by Rafaella Del Bourgo
Under a sky the color of mica and freshly cold,
the first home of my father’s father,
I sit on the platform skirting a temple,
its yard, earth packed by a thousand years of feet.
On the margins, gravel and rock;
a monk drags bamboo tines
to create concentric circles
like ocean waves lapping against a boulder.
He glances my way,
a lone American woman
close to the cemetery where my ancestors rest.
He lays down the rake,
comes to sit beside me,
the map of his faith
in the folds of his shabby robe.
I show him a photograph from 1901,
Sephardic Jews against a painted backdrop,
obis tight around flowered kimonos.
He nods to a younger monk,
and his face blossoms into smile
as we are served bowls of sweet, hot tea.
PHOTO: Suma Temple (Kobe, Japan). Photo by Sangaku.
NOTE: Kobe is the seventh-largest city in Japan. With a population of 1.5 millon, Kobe is located on the southern side of the main island of Honshū, about 19 miles west of Osaka. From the mid 1920s until the 1950s, the Kobe Jewish community was the largest Jewish community in Japan, formed by hundreds of Jews arriving from Russia, the Middle East, as well as from Central and Eastern European countries.
NOTE FROM THE AUTHOR: I very much liked the Japanese aesthetic, how they made beauty in simple gestures like carrying their lunches in knotted silk scarves. Even the plastic food for restaurant display windows seemed like art; I took home shrimp and peas, and a ball of vanilla ice cream with a maraschino cherry on top. The Japanese rock garden is a dry landscape of boulders set in gravel or sand which is raked to represent ripples in water. They are meant to create a sense of tranquility. I saw these in many of the Japanese temples I visited. Kobe was special because this was where my paternal grandfather was raised.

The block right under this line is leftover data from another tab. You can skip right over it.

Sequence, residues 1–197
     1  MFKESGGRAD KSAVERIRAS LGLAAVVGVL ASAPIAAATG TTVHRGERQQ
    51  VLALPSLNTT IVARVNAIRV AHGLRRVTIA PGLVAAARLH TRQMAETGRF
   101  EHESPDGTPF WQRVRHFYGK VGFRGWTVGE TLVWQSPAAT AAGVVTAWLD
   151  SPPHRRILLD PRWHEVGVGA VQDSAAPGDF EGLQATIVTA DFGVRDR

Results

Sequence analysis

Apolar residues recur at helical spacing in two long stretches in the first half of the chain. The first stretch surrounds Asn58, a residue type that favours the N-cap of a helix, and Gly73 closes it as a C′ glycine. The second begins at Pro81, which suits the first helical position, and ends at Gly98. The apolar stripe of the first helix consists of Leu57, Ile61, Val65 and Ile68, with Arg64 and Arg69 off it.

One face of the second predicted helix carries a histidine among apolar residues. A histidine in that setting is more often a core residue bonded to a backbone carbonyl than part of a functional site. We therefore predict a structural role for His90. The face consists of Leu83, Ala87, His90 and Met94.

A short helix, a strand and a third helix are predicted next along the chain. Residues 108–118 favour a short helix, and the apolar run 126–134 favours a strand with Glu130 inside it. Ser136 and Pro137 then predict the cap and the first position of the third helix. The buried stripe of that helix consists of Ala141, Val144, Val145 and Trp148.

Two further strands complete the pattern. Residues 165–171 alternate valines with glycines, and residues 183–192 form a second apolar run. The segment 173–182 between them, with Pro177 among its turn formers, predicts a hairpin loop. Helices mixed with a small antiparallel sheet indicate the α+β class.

PHOTO: Japanese rock garden. Photo by Nmint.
ABOUT THE AUTHOR: Rafaella Del Bourgo’s writing has appeared in journals such as Nimrod, The Jewish Women’s Literary Annual, The Adroit Journal, The Green Hills Literary Lantern, Caveat Lector, Puerto Del Sol, Rattle, Oberon, Spillway, and The Bitter Oleander. She has won many awards, including the Lullwater Prize for Poetry in 2003, and in 2006 the Helen Pappas Prize in Poetry and the New River Poets Award. In 2007, 2008, and 2013, she won first place in the Maggi Meyer Poetry Competition. The League of Minnesota Poets awarded her first place in 2009. In 2010, she won the Alan Ginsberg Poetry Award and the Grandmother Earth Poetry Prize. She was awarded the Paumanok Prize for Poetry in 2012, and then won first place in the 2013 Northern Colorado Writers’ Poetry Contest. Finally, she won the Mudfish Poetry Prize for 2017. Her collection I Am Not Kissing You was published by Small Poetry Press in 2003, and her chapbook, Inexplicable Business: Poems Domestic and Wild, was published in 2014 by Finishing Line Press. In 2012, she was one of 10 poets included in the anthology Chapter & Verse: Poems of Jewish Identity. She has traveled the world and lived in Tasmania and Hawaii. She recently retired from teaching college-level English classes, and resides in Berkeley, California, with her husband.